Common Bankruptcy Myths
There are some strange myths concerning bankruptcy. Many of these myths are told by well-meaning, but uninformed financial “experts.” Today’s post will look at six common myths.
Taxes cannot be discharged in bankruptcy
This myth is based in some truth. Tax debt is especially hard to discharge, and in some cases the debtor may not discharge tax debt. The truth is that discharging tax debt often depends on how long you have had the tax debt and what has happened in the meantime. It is important to speak with an experienced bankruptcy attorney about your circumstances and get competent legal advice.
You lose everything in a Chapter 7 bankruptcy
Everything? Really? The truth is that only four percent of all Chapter 7 cases are asset cases. In the remaining 96% the debtor loses nothing. Additionally, secured property like a car or home may be reaffirmed and the debtor retains the property and continues to pay the debt.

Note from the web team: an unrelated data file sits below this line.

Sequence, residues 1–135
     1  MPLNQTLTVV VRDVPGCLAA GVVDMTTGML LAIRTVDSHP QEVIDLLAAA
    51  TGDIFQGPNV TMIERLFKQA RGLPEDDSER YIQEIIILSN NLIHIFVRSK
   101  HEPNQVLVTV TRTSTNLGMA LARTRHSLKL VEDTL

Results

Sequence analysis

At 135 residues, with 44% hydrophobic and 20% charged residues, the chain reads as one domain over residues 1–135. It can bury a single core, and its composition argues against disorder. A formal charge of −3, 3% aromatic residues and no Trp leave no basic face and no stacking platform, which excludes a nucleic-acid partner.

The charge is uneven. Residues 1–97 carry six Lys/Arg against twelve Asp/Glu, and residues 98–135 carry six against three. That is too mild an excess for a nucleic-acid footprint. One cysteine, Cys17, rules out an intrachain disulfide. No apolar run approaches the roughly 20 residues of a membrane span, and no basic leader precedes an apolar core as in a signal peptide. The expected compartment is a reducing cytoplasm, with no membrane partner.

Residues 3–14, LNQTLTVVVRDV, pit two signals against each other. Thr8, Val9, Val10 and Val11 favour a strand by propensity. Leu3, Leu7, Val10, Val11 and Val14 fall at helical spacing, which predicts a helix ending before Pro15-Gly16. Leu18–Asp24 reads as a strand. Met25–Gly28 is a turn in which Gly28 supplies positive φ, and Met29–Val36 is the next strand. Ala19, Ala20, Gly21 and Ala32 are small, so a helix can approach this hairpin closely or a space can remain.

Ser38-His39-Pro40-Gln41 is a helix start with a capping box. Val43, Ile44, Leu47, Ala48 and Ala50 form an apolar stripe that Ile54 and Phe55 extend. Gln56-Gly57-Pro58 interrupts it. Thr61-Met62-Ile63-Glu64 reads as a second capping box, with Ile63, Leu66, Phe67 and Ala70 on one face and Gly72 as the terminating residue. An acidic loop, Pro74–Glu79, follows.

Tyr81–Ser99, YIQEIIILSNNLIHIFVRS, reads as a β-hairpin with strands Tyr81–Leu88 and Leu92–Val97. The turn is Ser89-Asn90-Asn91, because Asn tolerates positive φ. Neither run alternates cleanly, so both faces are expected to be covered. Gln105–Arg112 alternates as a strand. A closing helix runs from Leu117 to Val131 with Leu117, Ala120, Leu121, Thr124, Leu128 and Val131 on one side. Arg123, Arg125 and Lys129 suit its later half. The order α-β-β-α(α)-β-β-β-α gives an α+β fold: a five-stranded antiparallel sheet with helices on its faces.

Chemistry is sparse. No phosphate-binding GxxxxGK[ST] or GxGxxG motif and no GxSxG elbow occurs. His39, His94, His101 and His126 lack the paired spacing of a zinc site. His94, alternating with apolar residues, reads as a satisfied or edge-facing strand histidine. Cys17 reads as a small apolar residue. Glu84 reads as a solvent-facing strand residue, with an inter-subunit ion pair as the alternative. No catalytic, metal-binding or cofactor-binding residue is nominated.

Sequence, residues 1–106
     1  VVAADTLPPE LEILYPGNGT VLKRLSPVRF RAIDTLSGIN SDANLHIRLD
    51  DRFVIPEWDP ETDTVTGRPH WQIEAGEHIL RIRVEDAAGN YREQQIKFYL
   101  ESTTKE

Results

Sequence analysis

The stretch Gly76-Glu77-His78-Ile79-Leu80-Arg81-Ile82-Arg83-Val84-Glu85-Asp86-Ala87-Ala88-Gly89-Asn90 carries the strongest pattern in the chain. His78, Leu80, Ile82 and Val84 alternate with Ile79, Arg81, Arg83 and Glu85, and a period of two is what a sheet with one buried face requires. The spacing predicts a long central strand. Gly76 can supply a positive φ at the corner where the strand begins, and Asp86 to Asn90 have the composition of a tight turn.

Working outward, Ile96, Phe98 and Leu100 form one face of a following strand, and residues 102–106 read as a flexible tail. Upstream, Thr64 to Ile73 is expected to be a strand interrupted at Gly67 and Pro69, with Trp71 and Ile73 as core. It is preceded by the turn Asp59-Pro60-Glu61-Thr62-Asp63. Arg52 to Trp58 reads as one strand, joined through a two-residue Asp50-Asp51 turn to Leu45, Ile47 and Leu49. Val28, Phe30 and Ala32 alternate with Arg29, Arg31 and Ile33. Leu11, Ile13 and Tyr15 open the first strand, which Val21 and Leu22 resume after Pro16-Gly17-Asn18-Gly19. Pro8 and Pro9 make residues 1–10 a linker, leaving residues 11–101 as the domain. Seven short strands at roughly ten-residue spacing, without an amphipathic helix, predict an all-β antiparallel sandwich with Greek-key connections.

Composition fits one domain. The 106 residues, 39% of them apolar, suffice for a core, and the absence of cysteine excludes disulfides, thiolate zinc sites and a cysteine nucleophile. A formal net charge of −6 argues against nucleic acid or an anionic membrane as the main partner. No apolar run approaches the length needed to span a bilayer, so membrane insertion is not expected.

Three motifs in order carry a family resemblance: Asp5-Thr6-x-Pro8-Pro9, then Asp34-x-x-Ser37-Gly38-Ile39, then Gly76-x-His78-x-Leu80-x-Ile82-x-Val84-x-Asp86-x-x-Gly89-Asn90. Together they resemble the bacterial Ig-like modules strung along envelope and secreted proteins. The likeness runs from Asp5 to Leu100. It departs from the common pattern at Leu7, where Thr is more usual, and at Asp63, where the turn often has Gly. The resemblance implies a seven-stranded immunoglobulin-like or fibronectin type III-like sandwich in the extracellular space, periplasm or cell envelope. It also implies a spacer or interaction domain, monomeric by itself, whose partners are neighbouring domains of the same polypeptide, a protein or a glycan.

You can lose your job if you file bankruptcy
The federal law prohibits a government or private employer from terminating or discriminating against an employee who files bankruptcy. It is illegal for your employer to fire you because you filed bankruptcy.
You can’t get credit after a bankruptcy
A bankruptcy discharges unsecured debt and reorganizes your finances. Bankruptcy can make it easier for you to pay your bills. Many debtors are able to purchase cars and obtain credit within months after the bankruptcy discharge. Many others are able to buy a home two years after the discharge.
You can only file bankruptcy once
While the Bankruptcy Code attempts to prevent multiple and abusive filings, bankruptcy is always available to those who need it. There are time restrictions that may prevent a second discharge, for instance, an individual debtor who received a chapter 7 bankruptcy discharge to file another Chapter 7 after eight years. However, that debtor is eligible for a Chapter 13 after four years.
If you have a job you can’t file bankruptcy
The truth is that Chapter 13 bankruptcy is called a “wage earner’s” bankruptcy and the debtor must have an income stream to qualify. Many families with multiple incomes are eligible to file bankruptcy.
Don’t be misled by bankruptcy myths. Get the facts from an experienced bankruptcy attorney and ensure the law is working for you.